In the movie he graduates college and plays football the whole time. In the book he flunks out of college and so they just have the one semester of him playing football. While in college is when people realize he is a savant because they have him in this really difficult physics type class because the teacher has a deal with the coach to give him a good grade. But then Forrest actually gets it and does really well. It is his more normal classes like English that he fails.

In college is also when he meets Bubba, and then they reconnect again in the Army. Whereas in the movie he meets him in the Army.

In the movie, his team meets with the president because they were so good and when he shakes hands with JKF he tells him he needs to pee. In the book, this happened when he was in high school. It was some awards ceremony and it was a big deal, but it wasn’t with the president. He can’t unzip his pants because they are stuck, so his coach tells him he needs to hold it till the ceremony is over and they can rip his pants. So when he goes up to gets his award he tells the person he needs to pee.

This becomes a reoccurring thing in the book where whenever he is in these big deal situations, all he’ll say is “I need to pee.” Later in the book he even runs for senate and “I need to pee” inadvertently becomes his slogan.


In both, after his stint in college he goes into the army. In the book he is drafted, I’m not sure in the movie though.

He ends up going to Vietnam and while over there his friend Bubba is killed. In both, while going to rescue Bubba, he rescues others as well but in both gets shot in the buttocks.

From here he goes to a hospital in Vietnam to heal.

Lt. Dan

In the movie, Lt. Dan was his leader in Vietnam and he is one of the people he rescued. Lt. Dan is angry at Forrest for saving him because he had to get his legs amputated and wishes he just would have died.

In the book, Forrest doesn’t meet Dan until he is in the military hospital. Dan is there and has all kinds of injuries, but he is a nice guy and very thoughtful. He ends up leaving because his injuries are so bad they need better care. He leaves Forrest a very kind note which ends with him saying, “When I think back on it now, there is something in your eyes, some tiny flash of fire that comes now and then, mostly when you smile, and, on those infrequent occasions, I believe what I saw was almost a Genesis of our ability as humans to think, to create, to be.”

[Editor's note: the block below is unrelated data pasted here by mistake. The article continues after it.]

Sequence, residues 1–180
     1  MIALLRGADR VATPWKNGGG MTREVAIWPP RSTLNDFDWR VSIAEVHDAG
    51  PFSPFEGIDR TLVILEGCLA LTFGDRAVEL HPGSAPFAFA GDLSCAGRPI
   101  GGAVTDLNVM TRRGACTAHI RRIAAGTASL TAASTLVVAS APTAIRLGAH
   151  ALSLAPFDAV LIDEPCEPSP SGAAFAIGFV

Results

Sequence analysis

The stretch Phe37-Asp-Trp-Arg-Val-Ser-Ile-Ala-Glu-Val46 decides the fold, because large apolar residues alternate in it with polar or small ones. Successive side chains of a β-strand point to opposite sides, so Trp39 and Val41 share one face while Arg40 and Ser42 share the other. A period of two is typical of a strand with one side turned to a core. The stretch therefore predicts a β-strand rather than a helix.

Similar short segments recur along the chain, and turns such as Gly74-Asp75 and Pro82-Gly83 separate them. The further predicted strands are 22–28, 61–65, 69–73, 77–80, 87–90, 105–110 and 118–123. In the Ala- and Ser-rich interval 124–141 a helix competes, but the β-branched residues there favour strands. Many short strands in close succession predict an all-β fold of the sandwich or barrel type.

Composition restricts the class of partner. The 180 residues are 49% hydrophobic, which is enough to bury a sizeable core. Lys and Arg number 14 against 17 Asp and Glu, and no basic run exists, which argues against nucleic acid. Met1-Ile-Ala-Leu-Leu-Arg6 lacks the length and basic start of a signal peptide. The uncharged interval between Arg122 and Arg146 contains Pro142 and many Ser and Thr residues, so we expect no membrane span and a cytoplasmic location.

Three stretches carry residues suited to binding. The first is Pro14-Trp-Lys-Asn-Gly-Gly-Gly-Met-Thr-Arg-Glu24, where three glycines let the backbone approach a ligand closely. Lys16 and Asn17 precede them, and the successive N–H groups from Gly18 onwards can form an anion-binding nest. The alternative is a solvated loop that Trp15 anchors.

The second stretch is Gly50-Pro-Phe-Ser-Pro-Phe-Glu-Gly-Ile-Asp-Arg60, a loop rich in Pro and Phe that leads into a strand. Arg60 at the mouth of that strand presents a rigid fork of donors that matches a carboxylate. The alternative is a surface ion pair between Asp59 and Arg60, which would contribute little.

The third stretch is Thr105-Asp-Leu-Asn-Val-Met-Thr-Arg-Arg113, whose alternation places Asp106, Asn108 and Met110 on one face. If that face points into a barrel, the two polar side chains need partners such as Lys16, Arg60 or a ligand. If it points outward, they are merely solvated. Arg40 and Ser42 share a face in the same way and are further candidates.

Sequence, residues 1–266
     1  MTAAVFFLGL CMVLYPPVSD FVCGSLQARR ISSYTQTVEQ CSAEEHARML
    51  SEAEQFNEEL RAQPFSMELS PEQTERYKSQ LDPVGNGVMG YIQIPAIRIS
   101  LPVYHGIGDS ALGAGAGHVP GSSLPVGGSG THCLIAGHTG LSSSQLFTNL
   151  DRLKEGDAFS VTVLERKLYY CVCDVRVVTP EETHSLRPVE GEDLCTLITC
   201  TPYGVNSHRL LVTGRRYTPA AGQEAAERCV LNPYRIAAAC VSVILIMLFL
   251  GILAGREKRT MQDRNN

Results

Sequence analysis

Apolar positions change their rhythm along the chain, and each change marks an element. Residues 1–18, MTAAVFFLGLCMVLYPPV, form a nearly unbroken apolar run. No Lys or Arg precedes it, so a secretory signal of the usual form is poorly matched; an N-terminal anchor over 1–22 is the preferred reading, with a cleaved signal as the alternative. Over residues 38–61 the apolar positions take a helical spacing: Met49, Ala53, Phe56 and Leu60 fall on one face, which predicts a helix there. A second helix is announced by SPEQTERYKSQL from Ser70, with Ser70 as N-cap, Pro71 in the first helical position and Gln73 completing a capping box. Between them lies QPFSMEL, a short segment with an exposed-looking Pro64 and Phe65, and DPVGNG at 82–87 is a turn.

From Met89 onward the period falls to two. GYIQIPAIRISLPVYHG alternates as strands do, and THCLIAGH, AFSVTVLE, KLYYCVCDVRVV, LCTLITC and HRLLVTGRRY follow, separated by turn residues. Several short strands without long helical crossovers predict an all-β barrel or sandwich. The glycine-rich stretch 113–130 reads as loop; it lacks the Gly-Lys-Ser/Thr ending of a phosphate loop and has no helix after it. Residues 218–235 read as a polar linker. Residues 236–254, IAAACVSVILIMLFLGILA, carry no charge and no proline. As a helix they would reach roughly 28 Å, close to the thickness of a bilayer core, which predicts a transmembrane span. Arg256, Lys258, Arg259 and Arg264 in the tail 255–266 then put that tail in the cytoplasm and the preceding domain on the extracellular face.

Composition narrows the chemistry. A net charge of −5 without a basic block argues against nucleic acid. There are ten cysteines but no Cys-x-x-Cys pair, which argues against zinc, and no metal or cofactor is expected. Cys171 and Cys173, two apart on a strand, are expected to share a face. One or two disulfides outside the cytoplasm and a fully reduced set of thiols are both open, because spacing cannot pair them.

Forrest meets up with Lt. Dan at a later point in the movie and he is still bitter and an alcoholic. However, when Forrest gets a shrimp boat, Dan comes out to be his first mate and the two of them end up being successful. Dan ends up making peace with God and with his place in the world. In the end we see he has titanium legs and is engaged to be married and in general is in a much better mental and emotional state.

In the book, he starts out pensive and kind, however years later Forrest meets him when Dan is homeless on the streets of Washington DC. In the book he lost his legs as well, and after getting back home he was fired from his teaching job, his wife divorced him, his house was robbed, and he became a homeless alcoholic. He still wears his medals from the war and he tells Forrest, “They remind me of something. I’m not quite sure what—the war, of course, but that’s jus a part of it. I have suffered a loss, Forrest, far greater than my legs. It’s my spirit, my soul, if you will. There is only a blank there now—medals where my soul used to be.”

But as far as the book goes, I am going to wait and wrap up what happens with Dan later in the video.

Movie events

After Vietnam, in both he plays ping pong and goes to China with the Army to play there. After he is discharged is when the book and movie events really start to differ. In the movie, after ping pong he starts the Bubba Gump shrimp business with Dan.